Kew photoheliograph, 1857.
© Science Museum / Science & Society Picture Library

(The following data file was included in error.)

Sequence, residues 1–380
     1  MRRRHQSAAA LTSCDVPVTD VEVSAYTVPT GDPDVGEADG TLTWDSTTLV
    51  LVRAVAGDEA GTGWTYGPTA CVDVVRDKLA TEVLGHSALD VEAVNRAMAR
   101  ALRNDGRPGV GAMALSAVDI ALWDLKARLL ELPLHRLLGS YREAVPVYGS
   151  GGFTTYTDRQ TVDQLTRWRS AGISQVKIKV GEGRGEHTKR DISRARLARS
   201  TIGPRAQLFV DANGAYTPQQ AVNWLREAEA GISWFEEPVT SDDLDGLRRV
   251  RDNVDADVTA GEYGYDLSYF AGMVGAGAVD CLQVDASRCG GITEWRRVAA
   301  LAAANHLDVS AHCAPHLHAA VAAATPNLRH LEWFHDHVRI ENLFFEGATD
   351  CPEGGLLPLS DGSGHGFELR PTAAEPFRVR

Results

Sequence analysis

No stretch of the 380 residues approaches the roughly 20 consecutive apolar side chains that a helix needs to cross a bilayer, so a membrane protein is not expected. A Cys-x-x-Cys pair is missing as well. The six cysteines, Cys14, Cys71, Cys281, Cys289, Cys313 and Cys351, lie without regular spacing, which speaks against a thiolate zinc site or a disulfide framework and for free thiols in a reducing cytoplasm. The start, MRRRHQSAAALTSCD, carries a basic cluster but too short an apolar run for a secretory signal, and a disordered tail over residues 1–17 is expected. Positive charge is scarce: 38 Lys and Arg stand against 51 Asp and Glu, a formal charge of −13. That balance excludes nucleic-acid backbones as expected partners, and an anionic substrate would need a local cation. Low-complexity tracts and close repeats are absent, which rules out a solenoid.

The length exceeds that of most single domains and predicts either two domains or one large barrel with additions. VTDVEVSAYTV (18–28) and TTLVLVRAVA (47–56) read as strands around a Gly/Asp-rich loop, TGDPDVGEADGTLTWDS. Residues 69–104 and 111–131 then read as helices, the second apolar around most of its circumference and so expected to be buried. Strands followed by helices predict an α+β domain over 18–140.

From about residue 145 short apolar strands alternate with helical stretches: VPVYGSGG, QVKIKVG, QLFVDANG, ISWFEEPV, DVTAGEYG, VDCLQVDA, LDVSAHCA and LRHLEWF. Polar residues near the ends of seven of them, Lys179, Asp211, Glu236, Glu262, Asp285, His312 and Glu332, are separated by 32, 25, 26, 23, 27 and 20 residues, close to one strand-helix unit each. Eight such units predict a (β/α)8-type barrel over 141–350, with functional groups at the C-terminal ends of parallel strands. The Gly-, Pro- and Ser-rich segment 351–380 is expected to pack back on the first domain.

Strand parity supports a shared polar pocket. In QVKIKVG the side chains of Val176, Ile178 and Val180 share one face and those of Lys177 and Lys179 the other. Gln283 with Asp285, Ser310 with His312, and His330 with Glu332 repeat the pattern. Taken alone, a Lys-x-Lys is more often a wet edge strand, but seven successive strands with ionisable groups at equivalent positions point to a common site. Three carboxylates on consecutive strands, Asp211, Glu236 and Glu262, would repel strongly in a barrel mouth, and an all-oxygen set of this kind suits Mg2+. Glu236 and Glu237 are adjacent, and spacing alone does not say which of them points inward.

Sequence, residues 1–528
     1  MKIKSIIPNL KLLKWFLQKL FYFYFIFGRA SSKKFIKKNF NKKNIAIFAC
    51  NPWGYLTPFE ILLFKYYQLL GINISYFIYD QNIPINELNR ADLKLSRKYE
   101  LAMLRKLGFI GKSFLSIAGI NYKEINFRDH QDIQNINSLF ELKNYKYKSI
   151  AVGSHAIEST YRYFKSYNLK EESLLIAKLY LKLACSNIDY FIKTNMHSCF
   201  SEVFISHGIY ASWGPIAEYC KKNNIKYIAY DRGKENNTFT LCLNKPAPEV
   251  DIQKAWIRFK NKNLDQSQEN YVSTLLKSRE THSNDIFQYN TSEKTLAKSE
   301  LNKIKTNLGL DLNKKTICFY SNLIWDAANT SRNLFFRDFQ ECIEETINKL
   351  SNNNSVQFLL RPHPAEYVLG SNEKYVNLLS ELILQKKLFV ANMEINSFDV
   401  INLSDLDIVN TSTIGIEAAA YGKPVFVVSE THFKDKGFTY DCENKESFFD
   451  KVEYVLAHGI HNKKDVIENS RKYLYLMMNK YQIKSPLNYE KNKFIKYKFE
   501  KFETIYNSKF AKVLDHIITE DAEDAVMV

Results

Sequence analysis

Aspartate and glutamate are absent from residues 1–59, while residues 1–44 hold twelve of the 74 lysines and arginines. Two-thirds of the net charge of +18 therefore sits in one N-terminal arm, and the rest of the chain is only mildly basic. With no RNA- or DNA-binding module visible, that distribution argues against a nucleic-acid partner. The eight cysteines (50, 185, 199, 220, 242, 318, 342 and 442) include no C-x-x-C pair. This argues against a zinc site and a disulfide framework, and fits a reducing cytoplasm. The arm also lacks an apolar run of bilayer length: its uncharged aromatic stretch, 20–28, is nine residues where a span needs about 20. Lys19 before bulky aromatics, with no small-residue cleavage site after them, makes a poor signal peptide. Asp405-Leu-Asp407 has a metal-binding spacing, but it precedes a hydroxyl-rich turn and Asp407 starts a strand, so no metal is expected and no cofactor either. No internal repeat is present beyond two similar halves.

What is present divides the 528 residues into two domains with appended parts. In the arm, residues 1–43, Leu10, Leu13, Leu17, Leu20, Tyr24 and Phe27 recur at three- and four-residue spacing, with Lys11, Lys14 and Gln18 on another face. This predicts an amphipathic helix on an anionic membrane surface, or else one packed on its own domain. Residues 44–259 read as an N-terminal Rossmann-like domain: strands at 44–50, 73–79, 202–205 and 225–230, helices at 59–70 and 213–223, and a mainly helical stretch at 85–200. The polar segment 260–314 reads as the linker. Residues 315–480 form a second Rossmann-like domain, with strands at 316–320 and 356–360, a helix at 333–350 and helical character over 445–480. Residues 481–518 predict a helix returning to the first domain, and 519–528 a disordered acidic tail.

The Kew photoheliograph was the first astronomical instrument specifically designed for photographing celestial objects. Conceived by the British astronomer and physicist Warren de La Rue (1815-1889) in 1857, it was built for the Royal Society by the London instrument maker Andrew Ros (1798-1859). Originally installed at Kew Observatory, it was used by de la Rue to take regular photographs of the Sun. Later it was taken to Rivabellosa in Northern Spain, where it was employed to photograph the 1860 total eclipse of the Sun. The resulting images were used to resolve the debate over whether prominences - the red flames seen at solar eclipses - were intrinsic to the Sun or merely atmospheric effects. It was subsequently used as the model for a whole series of photographic telescopes.